A book on your TBR list strictly because of it’s beautiful cover.

I don’t follow this, I purchase them because I’m interested in reading them.

A book on your TBR that you never plan on actually reading.

A book of Grimm’s Fairy Tales. A co-worker gave me a copy during last year’s Secret Santa.

An unpublished book on your TBR that you’re excited for.

Image result for images Color Me In
Color Me In by Natasha Diaz. Thank you NetGalley!

A book on your TBR everyone has read but you.

Image result for images The Gilded Wolves
The Gilded Wolves by Roshani Chokshi

A book on your TBR everyone recommends to you.

Image result for images book cover American Gods
American Gods by Neil Gaiman

A book on your TBR you’re very excited to read.

Image result for image the tea girl of hummingbird lane lisa see
The Tea Girl of Hummingbird Lane by Lisa See. I love this author!

The number of books on your Goodreads TBR shelf.

I have 32 on my TBR shelf. But I have more than that lol

Asian Readathon Blog #1

At the moment I’m reading ‘Girls of Paper and Fire’ by Natasha Ngan. I’m a little over 50 pages into the story. I really appreciated the trigger warning of violence and sexual assault before the novel begins, and it’s pretty accurate. Despite reading some intense content within the first couple chapters, I’m still enjoying the book. The world building of Ikhara is also very in depth, and I’m completely taken in with the many clans/castes in each region.

Although I’m reading ‘Girls of Paper and Fire’, I’m also reading ‘Crooked Kingdom’. I’m pacing my reading so I don’t become too overwhelmed with several books at once.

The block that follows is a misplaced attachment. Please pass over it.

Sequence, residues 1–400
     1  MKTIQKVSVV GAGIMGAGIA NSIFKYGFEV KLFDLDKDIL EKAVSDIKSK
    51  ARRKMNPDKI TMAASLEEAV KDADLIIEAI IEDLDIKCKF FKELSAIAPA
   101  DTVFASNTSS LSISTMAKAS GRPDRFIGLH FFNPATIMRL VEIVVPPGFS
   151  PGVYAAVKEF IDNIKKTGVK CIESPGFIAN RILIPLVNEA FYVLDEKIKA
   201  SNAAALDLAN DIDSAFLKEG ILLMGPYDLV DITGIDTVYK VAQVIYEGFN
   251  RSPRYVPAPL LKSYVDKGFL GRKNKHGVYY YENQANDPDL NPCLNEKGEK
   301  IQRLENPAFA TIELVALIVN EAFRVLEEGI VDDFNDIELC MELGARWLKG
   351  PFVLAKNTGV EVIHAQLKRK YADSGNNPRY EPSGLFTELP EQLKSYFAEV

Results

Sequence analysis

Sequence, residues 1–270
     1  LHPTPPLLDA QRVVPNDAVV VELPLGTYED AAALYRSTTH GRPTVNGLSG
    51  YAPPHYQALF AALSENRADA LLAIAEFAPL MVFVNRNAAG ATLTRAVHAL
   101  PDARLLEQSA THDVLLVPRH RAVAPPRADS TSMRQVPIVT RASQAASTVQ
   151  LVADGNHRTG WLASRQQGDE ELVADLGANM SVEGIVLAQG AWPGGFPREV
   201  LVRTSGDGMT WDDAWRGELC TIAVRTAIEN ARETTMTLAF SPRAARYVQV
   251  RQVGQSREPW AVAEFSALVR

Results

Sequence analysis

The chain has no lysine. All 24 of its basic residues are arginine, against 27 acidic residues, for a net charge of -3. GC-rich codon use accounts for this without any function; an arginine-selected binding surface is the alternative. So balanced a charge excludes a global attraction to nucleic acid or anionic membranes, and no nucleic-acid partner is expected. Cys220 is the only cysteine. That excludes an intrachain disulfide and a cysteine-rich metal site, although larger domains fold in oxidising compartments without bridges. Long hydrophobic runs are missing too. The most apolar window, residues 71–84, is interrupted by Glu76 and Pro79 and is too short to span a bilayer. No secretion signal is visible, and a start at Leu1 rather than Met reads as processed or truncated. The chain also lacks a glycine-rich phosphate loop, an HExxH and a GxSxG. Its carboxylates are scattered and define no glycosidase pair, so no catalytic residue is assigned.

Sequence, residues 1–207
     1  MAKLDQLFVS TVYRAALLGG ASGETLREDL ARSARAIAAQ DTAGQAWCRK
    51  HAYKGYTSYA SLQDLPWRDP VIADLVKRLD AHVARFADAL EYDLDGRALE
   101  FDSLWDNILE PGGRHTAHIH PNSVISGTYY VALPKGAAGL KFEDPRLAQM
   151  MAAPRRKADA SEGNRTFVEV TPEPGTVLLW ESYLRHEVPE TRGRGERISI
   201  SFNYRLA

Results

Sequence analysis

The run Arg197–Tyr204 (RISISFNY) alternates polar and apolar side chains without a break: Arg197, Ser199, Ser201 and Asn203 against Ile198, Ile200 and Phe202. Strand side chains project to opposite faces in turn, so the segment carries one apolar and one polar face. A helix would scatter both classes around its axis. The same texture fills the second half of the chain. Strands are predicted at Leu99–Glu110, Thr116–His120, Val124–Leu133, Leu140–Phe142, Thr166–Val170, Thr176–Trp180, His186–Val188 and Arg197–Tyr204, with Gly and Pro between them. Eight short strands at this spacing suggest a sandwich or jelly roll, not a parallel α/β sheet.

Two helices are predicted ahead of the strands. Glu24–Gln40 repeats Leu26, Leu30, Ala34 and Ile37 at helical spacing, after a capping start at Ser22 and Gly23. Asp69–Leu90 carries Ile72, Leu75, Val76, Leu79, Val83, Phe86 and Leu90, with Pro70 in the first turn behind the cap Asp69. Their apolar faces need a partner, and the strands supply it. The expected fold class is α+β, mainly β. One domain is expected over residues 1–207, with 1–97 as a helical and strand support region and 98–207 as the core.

Crooked Kingdom Reading Blog #2

I’m about a quarter of the way through ‘Crooked Kingdom’ by Leigh Bardugo. I most likely won’t get through with the story until another few days, but I’m loving the story. One thing I enjoy reading about is the addition of ordinary (non-combative) characters. It adds a nice blend to the outlaw way of life that this duology dictates. Wylan’s involvement with the group also provides the group some form of etiquette when interacting with outside influences. Kaz usually goes about his own business, but it’s refreshing to see non-combative dialogue. Of course, I’m all for different types of interaction throughout the book!

Books on Feminism that I Enjoy

While watching Steve Donoghue’s channel on BookTube, I learned that Charlotte Perkins Gilman’s ‘The Yellow Wallpaper’ is being re-released, along with a new cover. I loved reading ‘The Yellow Wallpaper’ in college. It was for a Women’s Studies course (I minored in Women’s Studies at Seton Hall…a long time ago). I didn’t read the book in its entirety, but I enjoyed the content that I did read for the class. I loved all the courses for that minor, the faculty was more approachable to speak with than some of the professors in my major.

I also recall reading ‘Reviving Ophelia: Saving the Selves of Adolescent Girls’ by Mary Pipher. It wasn’t for a class, but I was always into reading stories about ongoing women’s issues. This book documents the ongoing plight of teenage girls as they repeatedly fall into the plight of body image, peer pressure, and depression. Strong bonds are vitally important in ones life, yet women are constantly pressured to turn against each other, leading toward lasting emotional issues. It also shares the struggles women endure in mother/daughter relationships, wisdom clouded by the need for instant gratification.

I also enjoyed Angela Y. Davis’s ‘Women, Race, and Class’. This is a powerful book that documents the women’s movement throughout the decades, with a focus on the struggles women of color endured in order to gain equal recognition alongside their White American counterparts. I recall reading about the honorable figures within the suffrage movement during my college courses, and was surprised to learn that there were conflicts women of color faced, when all women were fighting to achieve the common goal of equal rights. It was an revealing, eye-opening experience.